Monday, 4 February 2008

No emotion please, we’re afraid of litigation

I surely have better things to do, but I was half-watching Casualty the other night. For Americans and other aliens, this is a ‘drama’ set in a hospital, sort of like ER on a tenth of the budget and a nanomole of the wit. I don’t even know who anyone is anymore, but that’s by the by. I was tired, is my excuse. Anyway. I watched this story that featured the usual medical calamities, and as usual it all ended in tears for someone. However, as the credits rolled, something got my goat – reached out and plucked it right out of the pen, ignoring its bleats of protest.

Over the end credits, the announcer intoned, ‘If you have been affected by any of the issues in tonight’s programme, please call…’ and gave a helpline number. This is not the first time I’ve seen this, nor the only programme. I’ve seen this announcement (warning? disclaimer?) on everything from documentaries to soaps, and it is beginning to get, as I mention above, my goat.

It seems that programme makers are suddenly terrified that they will be held responsible for a viewer being so ‘affected’ by one of their programmes that the viewer tops him/herself. Am I alone in finding this a) weirdly arrogant and b) insulting?

We consume fiction (read it, hear it, watch it) in order to be affected, to be moved. If it makes us laugh or cry, we can say that it has done its job. But surely very, very rarely can it cause someone to become more depressed. If anything, the reverse ought to be true. Fiction provides comfort. It is itself a form of therapy; we don’t need added helplines. Fiction dares to touch those emotions that polite society would rather forget about: grief, anger and (yes) joy too. But now anything that threatens to provoke strong feelings has to come with a public health warning. Heaven forbid that we should actually feel something.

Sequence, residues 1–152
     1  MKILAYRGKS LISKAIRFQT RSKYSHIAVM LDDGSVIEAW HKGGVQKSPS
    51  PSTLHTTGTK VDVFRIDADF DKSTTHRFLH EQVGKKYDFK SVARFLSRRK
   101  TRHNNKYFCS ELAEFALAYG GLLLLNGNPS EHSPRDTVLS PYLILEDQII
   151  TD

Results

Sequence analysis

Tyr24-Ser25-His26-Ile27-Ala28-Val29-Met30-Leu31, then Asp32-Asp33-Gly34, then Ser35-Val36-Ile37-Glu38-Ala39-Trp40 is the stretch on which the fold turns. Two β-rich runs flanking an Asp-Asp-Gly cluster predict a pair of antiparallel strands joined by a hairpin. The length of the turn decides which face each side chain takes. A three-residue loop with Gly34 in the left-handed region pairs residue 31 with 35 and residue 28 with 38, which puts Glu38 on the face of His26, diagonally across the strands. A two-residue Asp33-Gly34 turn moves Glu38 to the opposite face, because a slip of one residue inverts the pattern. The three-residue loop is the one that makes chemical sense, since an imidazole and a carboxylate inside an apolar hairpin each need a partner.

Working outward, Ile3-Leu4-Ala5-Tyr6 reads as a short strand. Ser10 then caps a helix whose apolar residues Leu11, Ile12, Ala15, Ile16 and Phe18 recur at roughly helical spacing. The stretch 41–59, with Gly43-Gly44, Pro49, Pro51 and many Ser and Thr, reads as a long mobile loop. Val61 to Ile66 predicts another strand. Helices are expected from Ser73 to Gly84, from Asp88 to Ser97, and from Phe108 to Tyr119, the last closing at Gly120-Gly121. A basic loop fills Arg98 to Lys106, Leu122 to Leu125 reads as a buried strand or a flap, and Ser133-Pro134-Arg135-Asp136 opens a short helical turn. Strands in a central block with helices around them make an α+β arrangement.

Perhaps this explains the ghastly proliferation of ‘nothing’ programming on TV. Property shows, cookery shows, gardening shows, Lark Rise To Candleford. When you can look at the listings and say, quite literally, that there is nothing on TV tonight.

At least we still have books! Perhaps one day they will have to carry stickers: Warning. Contains Feelings.

4 comments:

Lee said...

Terrific post! But I find the disclaimer neither arrogant nor insulting, just hysterically funny. About on par with the warning which - genuinely - accompanies a certain brand of infant's pushchair: 'Do not fold up with a child still in the seat.'

anngiles said...

But people do complain about just about everything these days. It used to be just washing instructions on clothes that were too cautious. Now it's everything. Our secondary school, the best in town, features regularly in the local paper when some parent has got upset over something to do with their innocent little darling. This is why Melvin Burgess' book stays in the librarian's office.Just think what the paper could/would do with a book about randy teenage boys.

Nick said...

I wonder Ann - do you have to go through some special procedure to check out the Burgess book? Perhaps a thumbprint, retinal scan, pass through two sets of double-locking doors, and the volume is passed to you with tongs – for research purposes only, of course! – and you have a strict time limit of an hour to peruse the book, fully chaperoned by an armed guard all the while?

I mean why don't they just throw the book away if they're that scared of it?! I'll have it.

The Ginger Darlings said...

I think I would have to phone to tell them how I have been greatly affected by the program in that it has stolen an hour of my time when I could have been doing something more interesting than trying to work out who is going to die in this weeks episode.
One of the reasons I no longer have a television set is that I failed to find the constant stream of programs about hospitals or murder, especially violence against women "entertaining".
Very occasionally there is something interesting on television, but life is too short to watch it.
ah well, back to the drawing board, and good luck with the book award.